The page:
Last Man Out

7-Sep-15 – 20:00 by ToddG

Students benefit from being put under pressure when shooting. One very common approach is the “man on man” exercise in which two shooters compete against one another. Here’s an example of Ernest Langdon and me shooting a drill I call “Action vs Reaction” in West Virginia a couple years ago. Each of us is trying to knock down the three plates on our respective side of the plate rack.

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There are some negatives to running man on man drills, however. They often rely on reactive targets and are designed primarily around just two shooters. In a class with 10-20 students, there is a lot of down time while waiting for your turn.

One outstanding idea comes from Tom Givens of Rangemaster. It doesn’t add time or complexity to running students through a drill, but it makes every rep count. It puts pressure on every student every time he engages the targets. Fail on accuracy or speed and you’re done; succeed and move on to the next run. You can think of it as Last Man Out. For simplicity’s sake, let’s suppose the exercise is to draw and hit an 8″ target at seven yards.

  1. Instructor gives the start signal.
  2. Students draw and fire.
  3. Anyone who doesn’t hit the target is out for the rest of the drill.
  4. The last person to fire a shot is out for the rest of the drill.

So every run at least one person (the guy who fires the last shot) is out. Anyone who didn’t score a hit is out, too. That means there is pressure to succeed on every run of the drill. Go too fast and miss, you’re out. Go too slow and hit last, you’re out. As the playing field gets smaller, the fastest and most accurate shooters rise to the top. The competition keeps getting harder.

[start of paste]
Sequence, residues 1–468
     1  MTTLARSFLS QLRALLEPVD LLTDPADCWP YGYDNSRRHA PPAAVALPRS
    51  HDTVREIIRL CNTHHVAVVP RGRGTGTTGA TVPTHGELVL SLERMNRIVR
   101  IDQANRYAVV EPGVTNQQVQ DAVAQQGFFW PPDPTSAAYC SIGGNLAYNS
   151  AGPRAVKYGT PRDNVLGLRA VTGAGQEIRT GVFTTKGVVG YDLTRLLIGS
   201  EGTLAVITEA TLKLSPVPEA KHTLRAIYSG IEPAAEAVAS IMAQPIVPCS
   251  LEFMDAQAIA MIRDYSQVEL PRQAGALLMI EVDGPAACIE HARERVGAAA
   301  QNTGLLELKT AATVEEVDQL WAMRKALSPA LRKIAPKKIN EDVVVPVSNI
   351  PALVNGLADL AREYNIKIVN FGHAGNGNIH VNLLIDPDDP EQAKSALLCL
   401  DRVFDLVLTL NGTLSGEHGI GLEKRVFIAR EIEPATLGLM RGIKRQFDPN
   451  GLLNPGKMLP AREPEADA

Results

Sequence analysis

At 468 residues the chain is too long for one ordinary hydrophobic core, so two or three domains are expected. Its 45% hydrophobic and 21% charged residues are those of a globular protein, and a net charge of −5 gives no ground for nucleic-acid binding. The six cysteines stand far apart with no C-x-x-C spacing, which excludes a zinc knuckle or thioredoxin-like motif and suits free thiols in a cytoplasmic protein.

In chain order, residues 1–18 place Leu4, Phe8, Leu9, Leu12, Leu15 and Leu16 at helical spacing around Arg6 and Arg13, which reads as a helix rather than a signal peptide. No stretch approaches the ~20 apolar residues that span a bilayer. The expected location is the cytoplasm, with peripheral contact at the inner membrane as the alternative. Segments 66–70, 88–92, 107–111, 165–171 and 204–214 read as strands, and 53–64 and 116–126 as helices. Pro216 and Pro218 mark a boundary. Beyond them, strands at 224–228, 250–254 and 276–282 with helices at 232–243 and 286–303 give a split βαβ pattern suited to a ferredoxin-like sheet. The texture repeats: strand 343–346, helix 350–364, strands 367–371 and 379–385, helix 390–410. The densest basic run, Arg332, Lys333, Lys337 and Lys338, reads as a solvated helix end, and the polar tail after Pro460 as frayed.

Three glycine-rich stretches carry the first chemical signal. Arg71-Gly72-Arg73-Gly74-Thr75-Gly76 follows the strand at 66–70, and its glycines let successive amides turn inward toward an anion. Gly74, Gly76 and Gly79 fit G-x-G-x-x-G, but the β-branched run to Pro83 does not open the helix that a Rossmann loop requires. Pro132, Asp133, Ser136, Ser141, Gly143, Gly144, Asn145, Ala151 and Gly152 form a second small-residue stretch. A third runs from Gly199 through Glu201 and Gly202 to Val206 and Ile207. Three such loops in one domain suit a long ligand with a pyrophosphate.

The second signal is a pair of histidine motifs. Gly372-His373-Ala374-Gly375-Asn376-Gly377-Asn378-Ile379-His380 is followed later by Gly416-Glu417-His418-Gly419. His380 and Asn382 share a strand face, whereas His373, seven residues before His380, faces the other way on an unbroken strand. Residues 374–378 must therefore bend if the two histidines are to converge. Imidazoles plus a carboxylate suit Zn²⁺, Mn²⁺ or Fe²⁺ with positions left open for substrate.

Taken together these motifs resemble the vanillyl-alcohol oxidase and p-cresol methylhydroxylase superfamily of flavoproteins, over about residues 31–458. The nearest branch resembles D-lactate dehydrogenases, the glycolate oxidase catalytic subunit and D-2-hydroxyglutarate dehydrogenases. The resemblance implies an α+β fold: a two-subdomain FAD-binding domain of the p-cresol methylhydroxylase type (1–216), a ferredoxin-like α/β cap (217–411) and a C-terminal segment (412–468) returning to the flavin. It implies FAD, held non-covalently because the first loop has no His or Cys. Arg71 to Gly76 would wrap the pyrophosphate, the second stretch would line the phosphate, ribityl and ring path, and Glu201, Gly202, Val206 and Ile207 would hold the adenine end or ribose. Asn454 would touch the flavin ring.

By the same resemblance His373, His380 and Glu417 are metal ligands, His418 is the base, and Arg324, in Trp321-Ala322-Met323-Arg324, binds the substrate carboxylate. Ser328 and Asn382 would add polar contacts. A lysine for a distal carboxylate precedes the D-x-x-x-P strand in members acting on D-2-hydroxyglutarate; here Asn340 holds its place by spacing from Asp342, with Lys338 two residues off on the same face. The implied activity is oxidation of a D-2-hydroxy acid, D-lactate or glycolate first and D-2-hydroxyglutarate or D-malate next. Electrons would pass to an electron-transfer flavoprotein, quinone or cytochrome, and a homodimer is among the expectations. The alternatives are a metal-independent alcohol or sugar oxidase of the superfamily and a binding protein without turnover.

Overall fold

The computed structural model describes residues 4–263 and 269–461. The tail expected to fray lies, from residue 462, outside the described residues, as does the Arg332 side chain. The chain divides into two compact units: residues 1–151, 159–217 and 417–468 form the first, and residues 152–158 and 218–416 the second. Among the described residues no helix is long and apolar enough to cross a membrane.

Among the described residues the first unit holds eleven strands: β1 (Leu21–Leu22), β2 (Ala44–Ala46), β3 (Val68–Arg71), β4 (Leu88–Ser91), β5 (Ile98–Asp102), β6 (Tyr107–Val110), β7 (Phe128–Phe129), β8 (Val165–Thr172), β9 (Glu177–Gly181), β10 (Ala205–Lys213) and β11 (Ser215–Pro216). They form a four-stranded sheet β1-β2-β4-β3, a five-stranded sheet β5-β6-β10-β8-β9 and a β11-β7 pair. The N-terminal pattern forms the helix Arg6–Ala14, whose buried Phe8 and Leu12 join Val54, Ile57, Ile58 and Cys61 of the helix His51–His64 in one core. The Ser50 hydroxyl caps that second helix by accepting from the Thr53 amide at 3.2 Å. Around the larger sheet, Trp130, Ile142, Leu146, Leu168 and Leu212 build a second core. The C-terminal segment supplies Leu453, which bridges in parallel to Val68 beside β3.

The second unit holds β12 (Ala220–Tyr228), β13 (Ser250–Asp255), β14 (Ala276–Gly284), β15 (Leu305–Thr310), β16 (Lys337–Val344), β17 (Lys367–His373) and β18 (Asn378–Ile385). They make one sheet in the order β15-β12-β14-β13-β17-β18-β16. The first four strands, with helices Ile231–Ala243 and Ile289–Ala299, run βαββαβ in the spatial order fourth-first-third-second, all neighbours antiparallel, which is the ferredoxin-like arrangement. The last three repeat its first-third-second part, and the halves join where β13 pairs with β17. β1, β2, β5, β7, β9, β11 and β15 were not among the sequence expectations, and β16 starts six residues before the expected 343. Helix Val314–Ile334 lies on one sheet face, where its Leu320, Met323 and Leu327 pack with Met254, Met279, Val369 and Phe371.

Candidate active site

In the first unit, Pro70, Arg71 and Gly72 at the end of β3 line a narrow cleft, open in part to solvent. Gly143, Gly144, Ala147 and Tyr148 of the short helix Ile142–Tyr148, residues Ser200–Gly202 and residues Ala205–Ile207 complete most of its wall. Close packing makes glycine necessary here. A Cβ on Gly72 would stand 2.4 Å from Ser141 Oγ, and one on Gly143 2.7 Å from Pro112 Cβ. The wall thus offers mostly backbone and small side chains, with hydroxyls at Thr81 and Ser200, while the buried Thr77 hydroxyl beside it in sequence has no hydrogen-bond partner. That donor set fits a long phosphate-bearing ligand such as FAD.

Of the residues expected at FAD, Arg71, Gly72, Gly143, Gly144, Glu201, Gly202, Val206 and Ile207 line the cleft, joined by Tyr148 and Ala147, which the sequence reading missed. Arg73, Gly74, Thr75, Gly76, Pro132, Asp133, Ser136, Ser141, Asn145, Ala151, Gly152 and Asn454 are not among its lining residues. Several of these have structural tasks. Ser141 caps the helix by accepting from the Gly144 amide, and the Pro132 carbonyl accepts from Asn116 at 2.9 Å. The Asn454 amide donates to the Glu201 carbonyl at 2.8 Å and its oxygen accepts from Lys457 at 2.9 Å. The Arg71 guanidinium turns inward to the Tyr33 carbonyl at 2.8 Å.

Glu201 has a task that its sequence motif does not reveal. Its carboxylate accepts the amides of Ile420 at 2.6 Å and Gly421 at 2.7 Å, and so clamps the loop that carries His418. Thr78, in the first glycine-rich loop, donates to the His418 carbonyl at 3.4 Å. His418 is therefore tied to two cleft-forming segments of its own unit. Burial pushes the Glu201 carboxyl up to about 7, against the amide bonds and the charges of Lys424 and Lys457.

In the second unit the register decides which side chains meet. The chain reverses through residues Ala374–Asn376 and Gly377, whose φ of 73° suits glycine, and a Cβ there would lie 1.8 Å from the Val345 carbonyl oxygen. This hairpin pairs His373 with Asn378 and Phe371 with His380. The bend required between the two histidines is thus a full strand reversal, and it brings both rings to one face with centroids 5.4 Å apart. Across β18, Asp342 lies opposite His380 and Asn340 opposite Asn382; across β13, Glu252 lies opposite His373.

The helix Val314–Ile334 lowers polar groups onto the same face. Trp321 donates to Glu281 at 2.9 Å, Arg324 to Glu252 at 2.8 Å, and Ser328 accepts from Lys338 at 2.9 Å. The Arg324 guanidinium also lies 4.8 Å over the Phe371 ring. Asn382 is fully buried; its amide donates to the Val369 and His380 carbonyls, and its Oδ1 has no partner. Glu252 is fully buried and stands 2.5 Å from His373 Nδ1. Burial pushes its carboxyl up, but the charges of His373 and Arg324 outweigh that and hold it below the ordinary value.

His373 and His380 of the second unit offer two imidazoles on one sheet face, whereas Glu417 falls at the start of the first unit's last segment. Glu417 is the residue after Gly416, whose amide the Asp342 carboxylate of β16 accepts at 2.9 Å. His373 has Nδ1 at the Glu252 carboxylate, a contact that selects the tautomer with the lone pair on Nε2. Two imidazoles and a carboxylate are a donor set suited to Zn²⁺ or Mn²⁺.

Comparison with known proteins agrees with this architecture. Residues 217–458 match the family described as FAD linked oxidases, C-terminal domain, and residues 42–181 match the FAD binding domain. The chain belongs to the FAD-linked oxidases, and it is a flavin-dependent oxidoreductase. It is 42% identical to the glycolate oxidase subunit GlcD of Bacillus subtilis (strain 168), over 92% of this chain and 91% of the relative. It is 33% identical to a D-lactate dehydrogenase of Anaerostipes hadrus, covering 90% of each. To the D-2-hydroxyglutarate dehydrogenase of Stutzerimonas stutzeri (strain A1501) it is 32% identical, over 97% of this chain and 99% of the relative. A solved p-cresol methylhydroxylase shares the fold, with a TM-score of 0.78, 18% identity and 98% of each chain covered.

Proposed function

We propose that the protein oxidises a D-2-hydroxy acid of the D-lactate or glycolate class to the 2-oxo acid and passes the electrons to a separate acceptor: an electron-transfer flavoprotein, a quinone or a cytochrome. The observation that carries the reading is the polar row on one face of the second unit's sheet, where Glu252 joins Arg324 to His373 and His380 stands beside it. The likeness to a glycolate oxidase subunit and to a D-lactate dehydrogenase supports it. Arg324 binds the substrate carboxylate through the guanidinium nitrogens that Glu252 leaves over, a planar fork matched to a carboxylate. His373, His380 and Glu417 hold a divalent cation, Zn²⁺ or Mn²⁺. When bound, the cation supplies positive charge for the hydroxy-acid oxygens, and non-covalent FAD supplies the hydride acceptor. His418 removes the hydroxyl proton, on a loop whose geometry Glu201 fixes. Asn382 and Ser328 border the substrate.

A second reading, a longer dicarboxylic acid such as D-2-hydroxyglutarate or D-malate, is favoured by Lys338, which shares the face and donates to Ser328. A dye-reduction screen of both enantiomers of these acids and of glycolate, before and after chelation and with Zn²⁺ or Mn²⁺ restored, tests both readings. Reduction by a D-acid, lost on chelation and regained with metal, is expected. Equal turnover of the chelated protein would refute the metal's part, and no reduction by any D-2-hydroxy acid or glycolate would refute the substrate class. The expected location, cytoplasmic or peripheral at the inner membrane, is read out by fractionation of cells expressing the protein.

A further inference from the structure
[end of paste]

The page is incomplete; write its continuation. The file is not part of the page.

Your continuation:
It’s an excellent way to add student-vs-student pressure to drills without any special equipment or slowing down the class.

Train hard & stay safe! ToddG

  1. 7 Responses to “Last Man Out”

  2. The bad thing about it is, that the shooters who need to train the most, geht out in the beginning. Sometimes they fire only a few rounds. This is especially true if the skilllevel within the class isn’t homogenous.
    If you instead work with a decreasing par time, you achieve the same (pressure) but give every student a fair chance of getting some reps.
    For example draw and fire one shot. You could beginn with a 2 sec par time and work down from there.

    By Kontra on Sep 8, 2015

  3. I like it and I’ll use it with credits to the author of the idea.

    Thanks for the proposal.

    By Mohicane on Sep 8, 2015

  4. Vickers does that drill with paper targets, you miss the target zone, you’re out, last shooter out if no one missed. I thought it was a good way to reward a balance of speed and accuracy.

    By Brian on Sep 8, 2015

  5. I think it is a great idea. Kontra’s point about it excluding the lesser skilled shooters is true, but I find that an element of competition, as is introduced with such a drill, puts far more stress on the students than does only par times and that added stress is more beneficial than a few more repetitions.

    By Salvatore on Sep 8, 2015

  6. I would note that in the TG classes I have been in (3), “Last Man Out” is not part of every drill such that Kontra’s concerns re weaker shooters getting enough reps is completely and fully addressed. TG makes sure that everbody gets enough reps.

    By david barnes on Sep 8, 2015

  7. Weaker students are always going to be at a disadvantage in competition against stronger shooters. That what makes them weaker & stronger. It’s like having a student get crushed on a plate rack or dueling tree.

    The assumption that a few more reps is going to turn the worst shooter into an average shooter is probably misplaced. Classes can’t be designed around the worst shooter any more than they can be designed around the best shooter. There have to be segments that challenge everyone.

    By ToddG on Sep 8, 2015

  8. First, Last man standing is a great addition to any drill. Pumps up the pressure and engages everyone involved.

    Two additional observations;

    1)There’s no sin in getting knocked out by a better shooter. You won’t get better shooting against others of lesser ability.

    2)If you do get knocked out, watch and learn from the better shooters and figure out what you need to improve on. Take notes, ask questions and develop a plan.

    Getting beaten always made me want to go back, train harder and be better the next time.

    By WardS on Sep 8, 2015

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